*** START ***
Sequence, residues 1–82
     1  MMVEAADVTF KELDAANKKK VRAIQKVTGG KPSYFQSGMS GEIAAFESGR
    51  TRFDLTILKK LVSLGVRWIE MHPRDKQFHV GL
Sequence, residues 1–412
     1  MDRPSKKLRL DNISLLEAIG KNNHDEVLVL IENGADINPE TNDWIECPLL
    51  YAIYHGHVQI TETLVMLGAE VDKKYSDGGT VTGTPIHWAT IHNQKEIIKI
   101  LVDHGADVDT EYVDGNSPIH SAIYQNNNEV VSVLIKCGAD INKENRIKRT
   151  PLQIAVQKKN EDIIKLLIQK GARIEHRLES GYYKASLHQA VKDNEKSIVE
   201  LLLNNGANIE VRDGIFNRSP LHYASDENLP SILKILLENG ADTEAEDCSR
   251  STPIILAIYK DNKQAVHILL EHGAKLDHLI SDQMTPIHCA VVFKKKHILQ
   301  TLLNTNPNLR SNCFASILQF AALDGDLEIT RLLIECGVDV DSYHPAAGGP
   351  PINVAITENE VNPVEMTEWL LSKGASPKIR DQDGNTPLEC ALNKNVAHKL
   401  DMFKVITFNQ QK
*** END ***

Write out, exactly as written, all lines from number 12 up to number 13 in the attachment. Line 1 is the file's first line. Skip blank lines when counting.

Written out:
   351  PINVAITENE VNPVEMTEWL LSKGASPKIR DQDGNTPLEC ALNKNVAHKL
   401  DMFKVITFNQ QK